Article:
Ace is enraged by the reprise of his lowest moment and asks Jack if this is his doing. Jack, trying to follow Staci’s advice to be more honest with Ace, confesses that while he has no involvement in this particular fan revolt, the first one was his idea. True to form, Ace can’t contain his rage until after the match and starts viciously wailing on Jack in the ring. Maybe this would be shocking if there hadn’t been an incident like this since the pilot, but it’s literally the only thing that ever happens on this show. Counting last week’s Dystopia promo, this is the fourth main event on Heels in which someone has resorted to real violence.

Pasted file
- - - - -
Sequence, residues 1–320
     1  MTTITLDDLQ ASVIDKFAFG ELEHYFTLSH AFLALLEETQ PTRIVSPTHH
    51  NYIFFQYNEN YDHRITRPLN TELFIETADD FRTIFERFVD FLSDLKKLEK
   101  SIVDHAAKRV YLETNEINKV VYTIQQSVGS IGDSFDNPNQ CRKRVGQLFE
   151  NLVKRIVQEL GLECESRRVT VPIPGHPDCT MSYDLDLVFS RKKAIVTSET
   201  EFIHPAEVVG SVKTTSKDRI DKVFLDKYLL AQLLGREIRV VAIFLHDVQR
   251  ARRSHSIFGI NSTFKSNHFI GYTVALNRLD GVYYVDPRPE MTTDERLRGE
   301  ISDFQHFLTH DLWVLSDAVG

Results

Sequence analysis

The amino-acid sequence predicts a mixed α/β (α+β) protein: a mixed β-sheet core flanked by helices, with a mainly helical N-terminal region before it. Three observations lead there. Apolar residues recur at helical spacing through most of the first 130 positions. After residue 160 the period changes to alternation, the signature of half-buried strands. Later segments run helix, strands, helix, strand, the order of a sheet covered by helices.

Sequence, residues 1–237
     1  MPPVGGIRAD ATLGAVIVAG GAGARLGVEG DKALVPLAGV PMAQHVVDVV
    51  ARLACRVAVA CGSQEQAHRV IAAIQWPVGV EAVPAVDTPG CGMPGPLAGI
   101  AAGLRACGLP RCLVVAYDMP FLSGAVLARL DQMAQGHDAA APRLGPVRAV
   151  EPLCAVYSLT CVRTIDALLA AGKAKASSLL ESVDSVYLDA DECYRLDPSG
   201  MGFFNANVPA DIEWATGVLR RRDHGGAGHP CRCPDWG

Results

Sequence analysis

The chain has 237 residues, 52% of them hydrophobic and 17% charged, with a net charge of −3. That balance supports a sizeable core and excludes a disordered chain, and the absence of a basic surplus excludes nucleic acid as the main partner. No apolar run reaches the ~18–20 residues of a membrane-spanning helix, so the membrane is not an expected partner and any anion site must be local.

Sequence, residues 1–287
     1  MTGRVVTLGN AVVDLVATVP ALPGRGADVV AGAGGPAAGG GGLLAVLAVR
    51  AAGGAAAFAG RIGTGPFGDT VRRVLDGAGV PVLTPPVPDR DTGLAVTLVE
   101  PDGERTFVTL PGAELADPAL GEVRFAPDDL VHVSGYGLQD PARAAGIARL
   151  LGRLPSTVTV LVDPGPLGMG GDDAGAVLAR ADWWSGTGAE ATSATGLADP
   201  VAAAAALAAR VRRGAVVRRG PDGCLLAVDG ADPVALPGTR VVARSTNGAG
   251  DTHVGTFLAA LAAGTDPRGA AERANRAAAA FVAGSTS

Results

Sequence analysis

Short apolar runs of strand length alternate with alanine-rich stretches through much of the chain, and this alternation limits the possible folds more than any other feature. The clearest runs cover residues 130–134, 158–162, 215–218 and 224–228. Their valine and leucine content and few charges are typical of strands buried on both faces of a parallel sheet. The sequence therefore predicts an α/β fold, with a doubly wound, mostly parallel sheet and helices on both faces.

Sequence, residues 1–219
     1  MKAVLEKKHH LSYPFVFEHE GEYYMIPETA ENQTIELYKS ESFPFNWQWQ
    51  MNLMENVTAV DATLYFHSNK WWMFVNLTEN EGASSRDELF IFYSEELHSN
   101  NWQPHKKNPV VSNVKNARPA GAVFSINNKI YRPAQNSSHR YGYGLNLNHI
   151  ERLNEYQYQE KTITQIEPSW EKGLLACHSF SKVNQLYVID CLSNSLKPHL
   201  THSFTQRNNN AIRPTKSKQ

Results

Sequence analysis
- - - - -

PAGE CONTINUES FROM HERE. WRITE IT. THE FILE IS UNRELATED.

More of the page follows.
The increasingly nasty fight between the Spade brothers threatens to spoil the entire event. Referee Bobby Pin can’t intervene without confirming the crowd’s suspicion that this is not part of the show, Wild Bill can’t get between them without revealing the shitstain he’s laying on, and Willie knows that sending another wrestler down the ramp means abandoning all hope of ending the match as written. Luckily, there’s still one performer left at ringside who can set things right — Crystal Tyler. Crystal discards her Bunny Bombshell accessories and confronts Ace in the ring, which gets a loudly positive response from the audience. Snapping out of their rage and seeing the opportunity at hand, Ace and Jack cooperate with Crystal to improvise a new finish to the match in which Crystal takes out both brothers via dazzling feats of strength and agility. As an added bonus, Wild Bill sacrifices his pride and gets off the ring apron to intercept Charlie Gully before he can run into the ring and involve himself in the finish. Crystal climbs the ladder and retrieves the belt, to thunderous applause. After a moment to enjoy this triumph for Crystal and for the DWL, Ace leaves Jack behind in the ring, walking off towards an uncertain future as the season comes to a close.